YORKSHIRE’S “forced” rhubarb – the sweeter variety grown in heated sheds – is on the menu all weekend in Wakefield, part of the district famous for its “rhubarb triangle” of producers.
Forced rhubarb, which is sweeter than the outdoor variety, has a long list of supporters, among them renowned chefs Rick Stein and James Martin.
Yesterday it was the turn of the Shadow Chancellor and Morley and Outwood MP Ed Balls to have a go at cooking up a treat using the sweet-tasting vegetable.
The Labour politician visited the forcing sheds of E Oldroyde & Sons at Carlton, Wakefield, producers of the pink stuff for five generations.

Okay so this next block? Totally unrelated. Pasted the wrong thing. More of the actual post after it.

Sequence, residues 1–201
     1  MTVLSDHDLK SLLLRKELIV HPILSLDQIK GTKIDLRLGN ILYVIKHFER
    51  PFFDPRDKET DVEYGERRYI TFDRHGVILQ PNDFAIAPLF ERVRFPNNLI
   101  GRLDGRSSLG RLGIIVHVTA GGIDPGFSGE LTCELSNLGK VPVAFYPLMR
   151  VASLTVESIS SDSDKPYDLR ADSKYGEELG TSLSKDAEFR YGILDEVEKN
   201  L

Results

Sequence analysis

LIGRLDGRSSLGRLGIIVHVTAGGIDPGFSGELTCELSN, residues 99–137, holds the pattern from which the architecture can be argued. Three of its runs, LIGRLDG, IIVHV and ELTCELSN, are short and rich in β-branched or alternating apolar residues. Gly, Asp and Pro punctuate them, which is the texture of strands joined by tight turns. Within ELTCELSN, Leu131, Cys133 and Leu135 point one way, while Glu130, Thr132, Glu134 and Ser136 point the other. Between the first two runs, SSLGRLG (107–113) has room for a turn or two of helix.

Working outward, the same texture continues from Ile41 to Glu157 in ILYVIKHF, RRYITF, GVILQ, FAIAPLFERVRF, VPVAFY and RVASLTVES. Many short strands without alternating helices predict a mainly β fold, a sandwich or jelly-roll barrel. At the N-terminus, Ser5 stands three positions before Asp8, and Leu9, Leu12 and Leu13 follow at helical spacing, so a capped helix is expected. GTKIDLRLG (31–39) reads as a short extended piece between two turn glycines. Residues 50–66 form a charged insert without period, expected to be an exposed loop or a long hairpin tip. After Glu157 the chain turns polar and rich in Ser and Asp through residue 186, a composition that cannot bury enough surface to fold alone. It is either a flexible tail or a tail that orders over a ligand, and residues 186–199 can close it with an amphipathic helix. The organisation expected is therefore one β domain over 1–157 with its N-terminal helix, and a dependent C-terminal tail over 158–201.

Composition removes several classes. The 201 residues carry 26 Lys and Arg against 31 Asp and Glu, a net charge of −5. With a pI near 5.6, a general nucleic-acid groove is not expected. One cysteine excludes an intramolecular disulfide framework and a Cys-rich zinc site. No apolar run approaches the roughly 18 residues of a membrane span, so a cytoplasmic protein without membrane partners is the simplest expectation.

The sheds have become a tourist magnet in their own right as hundreds of people visit from around the world for special candlelit tours.
The status of Yorkshire’s unique forced rhubarb was elevated in 2010 when the product was given European protection, the same status enjoyed by Champagne and Parma ham.
Mr Balls later visited Oulton Hall hotel to support this weekend’s Wakefield Festival of Food, Drink and Rhubarb.
The council-run festival – one of the first each year for confirmed “foodies” – continues today and tomorrow with a cookery theatre on Wakefield Cathedral precinct, featuring demonstrations by local and regional chefs.